The book is an extraordinary example of how a carefully structured narration of history can be rousingly interesting as well as evidently informative. In an age when science and economics are increasingly corroding the value that history is perceived to add to our lives, what is important beyond all else is to remind ourselves that we stand today on the shoulders of so many who laid us before themselves in the past. Thus, Pavitra Sharma’s true success lies in her contribution to engage a new generation of readers and thinkers with a subject that contains lessons on how one must live more than any other, and in remembrance of those whose valiance enables our existence in comfort.
The plot revolves around a young girl Rattu who has the magical power to realize her wishes instantly. As she carelessly wishes one day for someone to defend her against her elder sister Poorie, Rani Lakshmibai and Jhalkari Bai appear before her; what follows is Sharma’s masterful interweaving of Rattu’s immediate problems and memorable stories of the historical figures. Rattu’s encounter with bullies is contrasted with Azimullah Khan and Nana Sahib’s struggle with the Company in their [Khan’s and Sahib’s] own voices, increasing the authenticity of the narrative manifold. Bahadur Zafar II’s removal from the Red Fort is explored through Rattu’s grandfather’s moving out from his old house to come to stay with Rattu and Poorie increasing our sympathies for Zafar in imagining how much suffering he endured if we ourselves are so inconvenienced when shifting houses. This connecting with the historical figures not on an academic level through text-books but rather on a personal level in comparing their problems with our own is what drives the plot and makes the book so special.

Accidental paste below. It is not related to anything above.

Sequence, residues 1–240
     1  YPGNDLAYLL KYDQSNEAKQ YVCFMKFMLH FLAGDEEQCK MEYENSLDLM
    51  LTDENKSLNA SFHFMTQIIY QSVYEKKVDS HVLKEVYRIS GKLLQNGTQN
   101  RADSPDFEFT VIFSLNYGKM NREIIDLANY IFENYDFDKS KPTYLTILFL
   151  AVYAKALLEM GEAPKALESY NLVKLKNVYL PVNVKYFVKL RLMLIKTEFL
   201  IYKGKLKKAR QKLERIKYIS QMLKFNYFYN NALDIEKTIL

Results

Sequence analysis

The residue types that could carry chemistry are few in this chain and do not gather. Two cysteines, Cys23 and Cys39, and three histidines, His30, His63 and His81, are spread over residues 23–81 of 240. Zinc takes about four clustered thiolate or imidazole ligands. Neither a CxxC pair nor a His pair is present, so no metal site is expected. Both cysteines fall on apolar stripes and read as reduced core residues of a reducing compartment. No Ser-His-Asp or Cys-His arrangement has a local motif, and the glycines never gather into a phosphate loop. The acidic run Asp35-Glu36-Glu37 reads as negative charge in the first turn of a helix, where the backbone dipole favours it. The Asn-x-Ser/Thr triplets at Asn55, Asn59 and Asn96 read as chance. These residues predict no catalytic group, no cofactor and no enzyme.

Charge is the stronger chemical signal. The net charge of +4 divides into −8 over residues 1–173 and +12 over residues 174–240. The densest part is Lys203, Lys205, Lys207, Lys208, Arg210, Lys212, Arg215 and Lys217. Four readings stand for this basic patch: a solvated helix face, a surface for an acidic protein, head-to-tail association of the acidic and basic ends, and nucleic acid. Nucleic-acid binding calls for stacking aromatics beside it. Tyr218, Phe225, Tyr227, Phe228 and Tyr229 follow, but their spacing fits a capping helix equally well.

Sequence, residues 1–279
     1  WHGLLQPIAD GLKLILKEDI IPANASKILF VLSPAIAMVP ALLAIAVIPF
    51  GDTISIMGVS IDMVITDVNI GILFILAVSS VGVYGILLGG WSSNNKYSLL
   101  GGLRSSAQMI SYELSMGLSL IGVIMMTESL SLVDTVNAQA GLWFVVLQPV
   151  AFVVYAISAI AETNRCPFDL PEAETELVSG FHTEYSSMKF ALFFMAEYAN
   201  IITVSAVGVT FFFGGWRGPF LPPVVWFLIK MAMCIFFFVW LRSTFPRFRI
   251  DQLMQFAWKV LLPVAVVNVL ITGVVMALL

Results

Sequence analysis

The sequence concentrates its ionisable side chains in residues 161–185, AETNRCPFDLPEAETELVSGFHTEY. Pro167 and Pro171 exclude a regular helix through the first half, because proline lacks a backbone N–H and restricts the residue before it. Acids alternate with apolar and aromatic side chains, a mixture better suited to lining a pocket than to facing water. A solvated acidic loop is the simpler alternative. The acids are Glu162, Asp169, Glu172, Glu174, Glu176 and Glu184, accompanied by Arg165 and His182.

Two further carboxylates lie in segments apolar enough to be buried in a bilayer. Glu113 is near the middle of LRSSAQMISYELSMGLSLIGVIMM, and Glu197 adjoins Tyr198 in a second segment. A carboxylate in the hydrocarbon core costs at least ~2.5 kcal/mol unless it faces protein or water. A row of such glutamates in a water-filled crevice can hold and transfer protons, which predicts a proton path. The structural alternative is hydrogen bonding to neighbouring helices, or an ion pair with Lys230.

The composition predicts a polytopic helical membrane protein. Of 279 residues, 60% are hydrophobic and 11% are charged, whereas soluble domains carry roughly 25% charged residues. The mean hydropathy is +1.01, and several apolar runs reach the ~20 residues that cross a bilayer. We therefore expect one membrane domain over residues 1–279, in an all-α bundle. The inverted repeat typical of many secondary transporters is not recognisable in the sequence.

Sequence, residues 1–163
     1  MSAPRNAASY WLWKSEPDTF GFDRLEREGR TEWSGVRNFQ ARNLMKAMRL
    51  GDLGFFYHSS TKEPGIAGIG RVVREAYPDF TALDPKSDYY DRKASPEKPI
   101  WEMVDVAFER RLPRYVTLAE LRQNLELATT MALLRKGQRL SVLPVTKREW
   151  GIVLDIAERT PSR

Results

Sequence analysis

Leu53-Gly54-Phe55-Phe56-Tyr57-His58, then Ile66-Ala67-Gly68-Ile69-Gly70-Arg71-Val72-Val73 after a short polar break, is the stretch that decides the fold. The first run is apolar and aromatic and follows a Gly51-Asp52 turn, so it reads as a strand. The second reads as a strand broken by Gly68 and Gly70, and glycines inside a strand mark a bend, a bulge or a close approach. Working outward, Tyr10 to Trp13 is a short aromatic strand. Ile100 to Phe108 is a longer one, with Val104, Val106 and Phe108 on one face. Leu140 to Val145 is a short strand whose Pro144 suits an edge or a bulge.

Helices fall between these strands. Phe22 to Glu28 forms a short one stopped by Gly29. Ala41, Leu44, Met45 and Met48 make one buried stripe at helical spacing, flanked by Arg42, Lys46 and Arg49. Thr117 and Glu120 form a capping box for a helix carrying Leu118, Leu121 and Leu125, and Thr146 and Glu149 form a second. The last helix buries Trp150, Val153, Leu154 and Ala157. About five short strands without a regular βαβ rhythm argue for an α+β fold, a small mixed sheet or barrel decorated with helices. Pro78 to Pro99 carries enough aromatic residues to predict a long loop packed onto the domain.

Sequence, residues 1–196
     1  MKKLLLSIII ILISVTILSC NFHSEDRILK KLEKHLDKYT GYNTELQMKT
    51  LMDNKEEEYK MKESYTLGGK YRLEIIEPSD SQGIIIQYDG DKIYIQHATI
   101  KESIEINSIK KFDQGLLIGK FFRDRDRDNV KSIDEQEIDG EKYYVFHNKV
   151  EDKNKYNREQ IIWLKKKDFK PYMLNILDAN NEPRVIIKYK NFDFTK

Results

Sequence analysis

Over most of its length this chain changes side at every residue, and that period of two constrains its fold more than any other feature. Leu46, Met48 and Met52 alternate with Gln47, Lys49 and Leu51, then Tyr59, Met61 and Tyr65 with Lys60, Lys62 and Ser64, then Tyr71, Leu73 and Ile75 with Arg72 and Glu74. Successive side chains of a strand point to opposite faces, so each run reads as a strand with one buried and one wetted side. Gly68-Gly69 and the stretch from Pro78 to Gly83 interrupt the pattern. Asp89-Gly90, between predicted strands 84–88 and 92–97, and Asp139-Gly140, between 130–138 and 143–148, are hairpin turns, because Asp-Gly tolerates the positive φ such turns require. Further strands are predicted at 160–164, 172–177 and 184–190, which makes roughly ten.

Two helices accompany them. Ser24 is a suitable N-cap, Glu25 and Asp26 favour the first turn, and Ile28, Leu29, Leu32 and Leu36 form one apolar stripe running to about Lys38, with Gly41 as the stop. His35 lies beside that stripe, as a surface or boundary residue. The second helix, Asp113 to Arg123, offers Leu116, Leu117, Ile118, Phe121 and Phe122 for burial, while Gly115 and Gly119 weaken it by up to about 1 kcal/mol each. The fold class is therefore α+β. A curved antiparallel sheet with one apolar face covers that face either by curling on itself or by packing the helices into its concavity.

Parvati Sharma’s choice of making the heroes of the Uprising in 1857 themselves narrate their stories will have a profound effect on the reader. She [the reader] is no longer perceiving these heroes as obscure figures from the past but rather as human beings in their own right, enabling her to connect at a far more intimate level not only with the historical figures themselves but also with the historical events at large. Through this, Sharma ensures that the young reader does two quintessential things: she does not dismiss the historical figures as removed and distant, yet values their contribution to her lives, leading to a deep importance given to them and their actions without discounting them as human beings. A fresh look at history, explored further and more extensively, this pedagogy could transform the outlook an entire generation has on its past.
Additionally, Parvati Sharma’s carefully casual usage of more complex vocabulary and syntax seamlessly enables young readers to develop an intuitive grasp over the English language. Her conscious efforts towards idiomatic expression and the usage of phrasal verbs are but examples of her intention not only to better engagement with history but also with the language at large. Yet, what could have been made subtler is the italicizing of difficult vocabulary to facilitate an even greater seamless development of language skills in children. However, why is such learning significant? That in our world a special emphasis is laid on study as an activity distinct from what is enjoyable, leads to an attitude in students prepared to go only so far as is absolutely required for them. Learning and the pursuit of knowledge, thus, relinquishes its arduous status into something enjoyable and more importantly indispensable.
The bold and novel outlook Parvati Sharma explores through her novel Rattu and Poorvie’s Adventures in History: 1857, not only facilitates learning in readers but also instils in them a unique sense of patriotism born only through a genuine investment in one’s culture and tradition. A must read for anyone waiting to get in touch with their roots!
Aryan Kumar Bhattacharjee is a student in The Doon School, pursuing the IB Diploma Programme in Class 12. He enjoys drama, reading, writing and debating.